Startup Tuesday: 7 Most Expensive Hidden Costs of Starting a Small Business

Posted by on April 9, 2013 in Startups [ 0 Comments ]

costs of starting a small businessBeing independent, choosing the people you work with and getting steady money from a business month after month is a job description that many of us find appealing, and yet you don’t see a lot of people running a successful small business and making good money.

The reason is that people sometimes mistake running a business with sitting back and waiting for money to fall out of the sky. Mostly, however, it’s often because of high startup costs and people’s inabilities to either predict or deal with those costs.

Related: See how one of our strategic startup planning advisors can help you

To avoid poor planning, and to get a general idea of what you are getting yourself into, here are some of the most expensive hidden costs involved in starting a small business.

1. Office supplies

There are many items that you will come to realize are crucial to conducting business on a day to day basis. We’re not just talking about pens and paper, but also things like lamps, folders, a whiteboard, clocks, a fridge, cups, a water cooler, toilet paper, paper towels, cleaning products, mops and buckets, a vacuum cleaner, and so much more.

2. Printing equipment

You won’t even realize how much money you can lose on printing until you start operating. Between the printers themselves, toner, paper and the right software you can end up digging a pretty deep money hole. This is why effective print management is necessary. There are plenty of companies offering print services, which means they will provide you with information on the best equipment that suits your needs, get the equipment for a lower price, provide you with adequate software and maximize efficiency to reduce overall costs.

3. Office furniture

You will need desks, high-quality office chairs that won’t break, an adequate seating arrangement in the foyer with seats and tables and filling cabinets to name but a few essentials. Buying cheap means replacing furniture often, particularly the swivel base of the chairs, so you may need to spend more now to save yourself time and money in the long run.

Related: Expert Advice on Co-Working Spaces for Small Business

4. Creating and maintaining a website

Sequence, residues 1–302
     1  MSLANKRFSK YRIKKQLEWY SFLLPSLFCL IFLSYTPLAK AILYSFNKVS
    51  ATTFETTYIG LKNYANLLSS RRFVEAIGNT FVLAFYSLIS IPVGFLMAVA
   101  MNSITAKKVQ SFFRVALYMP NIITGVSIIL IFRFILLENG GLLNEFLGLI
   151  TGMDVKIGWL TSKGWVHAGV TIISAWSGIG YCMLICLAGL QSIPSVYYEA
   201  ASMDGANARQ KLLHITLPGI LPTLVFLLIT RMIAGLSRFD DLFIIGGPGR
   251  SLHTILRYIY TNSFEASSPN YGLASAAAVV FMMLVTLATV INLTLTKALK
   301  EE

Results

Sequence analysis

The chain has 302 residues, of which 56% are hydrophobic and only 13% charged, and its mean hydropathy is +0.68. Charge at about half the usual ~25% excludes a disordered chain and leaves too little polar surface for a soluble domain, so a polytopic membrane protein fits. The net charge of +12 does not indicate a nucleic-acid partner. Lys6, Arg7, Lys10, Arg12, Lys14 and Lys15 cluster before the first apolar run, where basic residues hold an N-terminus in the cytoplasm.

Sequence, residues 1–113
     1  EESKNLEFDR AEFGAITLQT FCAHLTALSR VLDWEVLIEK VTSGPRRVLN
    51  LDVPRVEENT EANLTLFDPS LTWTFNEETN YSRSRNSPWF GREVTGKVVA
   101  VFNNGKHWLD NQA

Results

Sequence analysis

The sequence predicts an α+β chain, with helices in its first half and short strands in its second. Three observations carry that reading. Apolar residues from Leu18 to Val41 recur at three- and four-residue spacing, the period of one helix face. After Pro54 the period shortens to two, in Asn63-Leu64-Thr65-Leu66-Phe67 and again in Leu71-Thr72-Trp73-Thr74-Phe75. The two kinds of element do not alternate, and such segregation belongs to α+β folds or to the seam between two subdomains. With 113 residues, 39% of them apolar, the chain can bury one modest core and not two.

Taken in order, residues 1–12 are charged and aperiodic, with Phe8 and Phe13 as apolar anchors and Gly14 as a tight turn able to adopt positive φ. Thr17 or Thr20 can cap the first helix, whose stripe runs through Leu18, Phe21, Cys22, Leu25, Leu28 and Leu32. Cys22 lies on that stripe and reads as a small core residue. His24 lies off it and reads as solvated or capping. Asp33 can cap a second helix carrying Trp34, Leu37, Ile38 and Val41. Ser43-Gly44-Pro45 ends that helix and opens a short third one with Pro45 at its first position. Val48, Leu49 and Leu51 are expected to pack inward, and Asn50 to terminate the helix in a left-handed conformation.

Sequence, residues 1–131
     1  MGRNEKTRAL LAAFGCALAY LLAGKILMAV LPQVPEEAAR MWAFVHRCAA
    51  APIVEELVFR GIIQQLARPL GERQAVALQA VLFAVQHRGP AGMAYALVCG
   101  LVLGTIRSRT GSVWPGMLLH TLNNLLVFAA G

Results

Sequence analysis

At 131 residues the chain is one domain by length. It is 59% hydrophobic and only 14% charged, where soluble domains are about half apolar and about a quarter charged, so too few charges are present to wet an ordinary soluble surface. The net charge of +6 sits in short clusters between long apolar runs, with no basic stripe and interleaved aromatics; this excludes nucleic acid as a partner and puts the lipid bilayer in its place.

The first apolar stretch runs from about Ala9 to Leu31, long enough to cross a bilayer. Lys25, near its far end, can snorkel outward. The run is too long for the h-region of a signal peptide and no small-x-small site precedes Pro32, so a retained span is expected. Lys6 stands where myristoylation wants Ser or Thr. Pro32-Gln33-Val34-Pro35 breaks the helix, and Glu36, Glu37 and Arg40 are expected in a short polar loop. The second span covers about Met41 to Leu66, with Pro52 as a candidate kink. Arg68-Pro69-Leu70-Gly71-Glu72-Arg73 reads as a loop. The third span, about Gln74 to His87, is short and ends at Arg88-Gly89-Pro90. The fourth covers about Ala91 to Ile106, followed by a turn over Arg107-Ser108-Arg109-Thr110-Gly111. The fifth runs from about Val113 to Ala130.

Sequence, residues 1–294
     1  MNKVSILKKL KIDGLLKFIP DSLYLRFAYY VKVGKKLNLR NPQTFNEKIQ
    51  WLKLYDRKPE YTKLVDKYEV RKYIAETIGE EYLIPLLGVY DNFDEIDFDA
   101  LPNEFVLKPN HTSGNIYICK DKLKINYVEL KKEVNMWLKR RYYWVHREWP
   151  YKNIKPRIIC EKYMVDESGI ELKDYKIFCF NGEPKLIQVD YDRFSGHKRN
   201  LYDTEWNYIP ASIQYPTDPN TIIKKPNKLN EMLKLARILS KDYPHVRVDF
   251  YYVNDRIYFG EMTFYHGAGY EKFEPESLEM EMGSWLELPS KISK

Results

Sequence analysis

In today’s world you might as well not exist if you don’t have a web presence. A website is crucial if you want to inform people about your business and offer services online. This means paying a web developer to create a good site for you or buying a domain and theme and tweaking the details. The domain name will cost you some cash, hosting as well, and once the website is up regular updates will be required.

5. SEO services

Having a marvelous website is of no use if there is no traffic. Search engine optimization is required, and you will need to provide some useful material on the site, preferably have a blog and a forum page, while participating in social media marketing.

Related: Need an SEO professional? Our hand-picked vendors may be the right match for you

6. Employees

Depending on your line of work you will need anywhere from two to a dozen people to run even a small operation. Even if you can manage with just two employees, you need to pay their base salary, plus insurance and some benefits. Not to mention the IT work you’ll likely need to outsource. Most of these can be outsourced to very capable companies, but this is one more cost you have to worry about.

7. Promotional material

Pens, bags, T-shirts, mugs and notebooks with the company name and logo are another important part of putting your business on the map. You will need a bunch of these simple items to help you spread the good word.

There you have it, some of the most expensive costs that lead to the demise of many small business owners. It can be quite costly to start a small business from scratch, and most people don’t even realize how many hidden costs are involved. If you want succeed in the world of business you will need to estimate correctly and plan carefully.

Bio: Danny Duric is a writer and marketing consultant from Australia. He has a bachelor’s degree in Business Management. Currently he’s writing about various business related topics. His main interests are marketing, psychology and traveling.


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